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CIA Agent First American Casualty on Ground in Afghanistan

Aired November 28, 2001 - 11:46   ET

THIS IS A RUSH TRANSCRIPT. THIS COPY MAY NOT BE IN ITS FINAL FORM AND MAY BE UPDATED.


THIS IS A RUSH TRANSCRIPT. THIS COPY MAY NOT BE IN ITS FINAL FORM AND MAY BE UPDATED.
BILL HEMMER, CNN ANCHOR: Again, we mentioned developing news. A CIA agent, the first American casualty on the ground in Afghanistan. He was known bit name of Mike. Earlier this week, we had been getting reports that some U.S. operatives were in play there near the area of Mazar-e Sharif.

David Ensor now working his sources in Washington with more.

David, what do we have?

DAVID ENSOR, CNN CORRESPONDENT: Well, Bill, Michael Spann, 32 years old, joining the CIA in 1999. He was a former Marine Corps officer. He was in the Mazar-e Sharif prison area at time of that uprising, was under way there, and a lot of people were killed in that uprising. He was among them the CIA is now confirming.

In a statement, the CIA says that Michael Spann, who was an operations officer at the CIA, is survived by his wife, infant son and two daughters. And obviously, there's a good deal of unhappiness over at Langley today, but pride also in the work that a great number of CIA officers are performing on the ground there in Afghanistan. They are taking considerable risks, and as you can see, they have now lost one of their number in that struggle.

Michael Spann, again, a directorate of operations officer at CIA, age 32, dead in Afghanistan, we are now hearing from the CIA -- Bill.

HEMMER: David, if you can flush out a few more details. You say a number of agents working. Do we know precisely how many in that area?

ENSOR: We do not have precise numbers, and obviously, it's the kind of thing that a normally secretive agency is even more secretive about than usual. It is presumed to be in the hundreds of officers that are of operating in Afghanistan. They are not just in Mazar-e Sharif, obviously. There a great number of them in Kandahar, and that area, where there is a great deal of interest now on the part of the United States in capturing or killing the leadership of Al Qaeda and the Taliban.

So CIA has been working on the ground in Afghanistan, since before the troops were there, working to help the troops find the targets. There are even surveillance drones that are run by the CIA now, and a good number of CIA operatives on the ground. Some of them speakers of the local languages, helping U.S. special forces troops in this very complicated and difficult operation that U.S. forces are engaged in Afghanistan as we speak.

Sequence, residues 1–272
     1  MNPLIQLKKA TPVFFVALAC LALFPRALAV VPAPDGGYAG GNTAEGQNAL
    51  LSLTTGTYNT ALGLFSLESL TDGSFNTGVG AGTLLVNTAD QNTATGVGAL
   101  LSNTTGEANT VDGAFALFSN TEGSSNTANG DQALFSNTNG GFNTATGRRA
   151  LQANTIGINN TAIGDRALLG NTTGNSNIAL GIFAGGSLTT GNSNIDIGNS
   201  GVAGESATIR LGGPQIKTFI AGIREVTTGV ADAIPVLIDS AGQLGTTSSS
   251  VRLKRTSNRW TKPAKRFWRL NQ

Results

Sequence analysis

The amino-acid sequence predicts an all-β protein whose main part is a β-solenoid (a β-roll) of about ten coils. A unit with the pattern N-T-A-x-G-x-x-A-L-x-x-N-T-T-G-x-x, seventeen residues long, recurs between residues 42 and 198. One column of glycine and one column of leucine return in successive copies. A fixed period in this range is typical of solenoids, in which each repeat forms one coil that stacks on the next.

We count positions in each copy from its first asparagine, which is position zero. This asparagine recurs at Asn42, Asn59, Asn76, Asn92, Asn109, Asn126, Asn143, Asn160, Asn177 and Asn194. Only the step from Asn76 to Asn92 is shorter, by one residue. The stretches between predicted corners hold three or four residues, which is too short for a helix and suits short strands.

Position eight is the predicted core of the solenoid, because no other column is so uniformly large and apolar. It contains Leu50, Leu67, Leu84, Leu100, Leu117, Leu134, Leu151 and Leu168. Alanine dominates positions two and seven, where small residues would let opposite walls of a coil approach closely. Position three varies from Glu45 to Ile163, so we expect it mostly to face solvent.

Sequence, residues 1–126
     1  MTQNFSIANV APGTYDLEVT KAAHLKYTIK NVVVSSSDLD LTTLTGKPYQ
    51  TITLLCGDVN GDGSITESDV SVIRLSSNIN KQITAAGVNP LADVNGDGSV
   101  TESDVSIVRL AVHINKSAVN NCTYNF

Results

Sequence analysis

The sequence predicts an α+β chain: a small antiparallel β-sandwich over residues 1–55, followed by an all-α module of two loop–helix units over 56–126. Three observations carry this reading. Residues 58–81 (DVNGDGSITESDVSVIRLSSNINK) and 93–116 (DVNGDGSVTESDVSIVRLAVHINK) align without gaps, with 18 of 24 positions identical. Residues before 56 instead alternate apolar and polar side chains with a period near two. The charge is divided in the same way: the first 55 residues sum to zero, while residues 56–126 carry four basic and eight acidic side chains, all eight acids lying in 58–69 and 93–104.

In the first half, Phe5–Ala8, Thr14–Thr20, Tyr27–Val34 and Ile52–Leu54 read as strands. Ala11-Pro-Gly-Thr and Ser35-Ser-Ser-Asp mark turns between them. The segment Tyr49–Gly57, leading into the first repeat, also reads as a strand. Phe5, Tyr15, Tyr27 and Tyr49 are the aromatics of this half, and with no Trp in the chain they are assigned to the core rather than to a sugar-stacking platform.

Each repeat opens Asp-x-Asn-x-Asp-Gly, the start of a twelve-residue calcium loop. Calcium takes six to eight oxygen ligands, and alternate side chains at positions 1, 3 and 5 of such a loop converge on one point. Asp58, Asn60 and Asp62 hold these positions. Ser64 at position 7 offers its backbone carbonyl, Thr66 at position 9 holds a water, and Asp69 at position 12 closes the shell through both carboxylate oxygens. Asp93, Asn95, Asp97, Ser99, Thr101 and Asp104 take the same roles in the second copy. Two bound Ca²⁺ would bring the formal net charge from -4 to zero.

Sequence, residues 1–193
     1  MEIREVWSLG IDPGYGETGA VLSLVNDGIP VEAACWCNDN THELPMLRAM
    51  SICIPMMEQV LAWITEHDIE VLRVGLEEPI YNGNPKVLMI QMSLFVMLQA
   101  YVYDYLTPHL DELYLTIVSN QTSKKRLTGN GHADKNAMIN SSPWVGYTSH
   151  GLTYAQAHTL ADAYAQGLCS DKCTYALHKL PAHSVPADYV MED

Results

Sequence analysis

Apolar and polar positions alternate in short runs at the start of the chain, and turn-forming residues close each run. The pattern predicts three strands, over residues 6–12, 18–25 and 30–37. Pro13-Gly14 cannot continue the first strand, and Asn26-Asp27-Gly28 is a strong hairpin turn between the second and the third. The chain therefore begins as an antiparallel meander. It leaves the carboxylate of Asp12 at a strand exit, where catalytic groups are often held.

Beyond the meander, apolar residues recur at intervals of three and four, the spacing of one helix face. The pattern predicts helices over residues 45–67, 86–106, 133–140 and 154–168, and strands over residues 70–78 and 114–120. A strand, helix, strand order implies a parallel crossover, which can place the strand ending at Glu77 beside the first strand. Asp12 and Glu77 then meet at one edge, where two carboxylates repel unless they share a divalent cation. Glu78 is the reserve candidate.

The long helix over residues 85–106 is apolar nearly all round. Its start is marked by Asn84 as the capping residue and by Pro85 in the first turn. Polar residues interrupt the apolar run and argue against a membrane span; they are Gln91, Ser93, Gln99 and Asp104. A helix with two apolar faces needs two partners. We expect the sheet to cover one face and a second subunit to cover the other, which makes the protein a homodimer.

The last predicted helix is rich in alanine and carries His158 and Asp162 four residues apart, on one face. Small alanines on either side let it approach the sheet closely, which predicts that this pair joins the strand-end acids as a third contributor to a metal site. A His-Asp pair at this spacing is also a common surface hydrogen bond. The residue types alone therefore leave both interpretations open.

HEMMER: David, I guess the other thing we can talk about at this time is the work of the CIA. You mentioned a little bit of the responsibilities and duties. We also noted at the first part of this conflict, they are reaching out to a number of people who had the fluency in certain languages in that part of the world. Are you able to gauge by the folks over at Langley if they have made much progress not only in that area, but other areas where they wanted to shore things up.

ENSOR: In terms of the skills, the CIA has at its disposal.

HEMMER: Yes.

ENSOR: We can certainly say that the number of Americans applying to work at CIA has skyrocketed since September 11th, and we understand from officials there that a number of the applicants do have useful skills, such as languages that will be useful in the future for the agency, either in that part of the world or in other parts, that may be of interest in the coming years. So they are quite pleased by the turnout of applicants for jobs at the CIA. They also say that in recent years, that is in the last four or five years, CIA officials have been able to hire a good number more Americans who speak foreign languages as a mother tongue, so to speak, children of immigrants and so forth.

There are three times as many Arabic speakers, for example, among the CIA employees than there were five years ago. So it's a place that's changing and adapting, and obviously very busy on the ground in Afghanistan.

You know, in the front hallway of the CIA, Bill, there are stars on the wall put up for each CIA officers who has been killed in the line of duty since the agency was founded in the '50s. I forget how many stars there are now. Some of them do not have names next to them. Some of them, the names are still withheld for security reasons. This will be another star, and this one will have the name Michael Spann written next to it.

HEMMER: David Ensor, live in Washington. David, thank you.

Johnny Spann, again he went by the name of Mike, the first U.S. combat casualty on the ground in Afghanistan.

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